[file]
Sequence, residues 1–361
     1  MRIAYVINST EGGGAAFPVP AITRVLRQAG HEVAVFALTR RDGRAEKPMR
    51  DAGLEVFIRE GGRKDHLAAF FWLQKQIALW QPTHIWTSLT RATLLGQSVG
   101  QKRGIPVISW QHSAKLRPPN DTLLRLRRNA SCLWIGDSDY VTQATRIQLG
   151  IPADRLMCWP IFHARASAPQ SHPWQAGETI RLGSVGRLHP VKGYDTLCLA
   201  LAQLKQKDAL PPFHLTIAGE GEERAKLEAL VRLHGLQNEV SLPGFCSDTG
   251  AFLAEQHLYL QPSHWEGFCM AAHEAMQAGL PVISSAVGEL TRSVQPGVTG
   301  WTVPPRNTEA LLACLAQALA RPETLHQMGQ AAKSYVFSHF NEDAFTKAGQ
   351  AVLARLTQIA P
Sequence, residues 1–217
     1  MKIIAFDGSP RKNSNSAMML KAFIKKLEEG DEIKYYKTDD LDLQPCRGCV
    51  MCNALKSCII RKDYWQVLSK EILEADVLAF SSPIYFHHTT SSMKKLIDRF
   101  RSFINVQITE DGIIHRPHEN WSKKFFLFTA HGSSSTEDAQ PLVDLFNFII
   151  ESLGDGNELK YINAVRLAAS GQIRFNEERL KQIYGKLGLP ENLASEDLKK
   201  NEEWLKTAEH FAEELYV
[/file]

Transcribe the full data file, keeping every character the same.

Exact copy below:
Sequence, residues 1–361
     1  MRIAYVINST EGGGAAFPVP AITRVLRQAG HEVAVFALTR RDGRAEKPMR
    51  DAGLEVFIRE GGRKDHLAAF FWLQKQIALW QPTHIWTSLT RATLLGQSVG
   101  QKRGIPVISW QHSAKLRPPN DTLLRLRRNA SCLWIGDSDY VTQATRIQLG
   151  IPADRLMCWP IFHARASAPQ SHPWQAGETI RLGSVGRLHP VKGYDTLCLA
   201  LAQLKQKDAL PPFHLTIAGE GEERAKLEAL VRLHGLQNEV SLPGFCSDTG
   251  AFLAEQHLYL QPSHWEGFCM AAHEAMQAGL PVISSAVGEL TRSVQPGVTG
   301  WTVPPRNTEA LLACLAQALA RPETLHQMGQ AAKSYVFSHF NEDAFTKAGQ
   351  AVLARLTQIA P
Sequence, residues 1–217
     1  MKIIAFDGSP RKNSNSAMML KAFIKKLEEG DEIKYYKTDD LDLQPCRGCV
    51  MCNALKSCII RKDYWQVLSK EILEADVLAF SSPIYFHHTT SSMKKLIDRF
   101  RSFINVQITE DGIIHRPHEN WSKKFFLFTA HGSSSTEDAQ PLVDLFNFII
   151  ESLGDGNELK YINAVRLAAS GQIRFNEERL KQIYGKLGLP ENLASEDLKK
   201  NEEWLKTAEH FAEELYV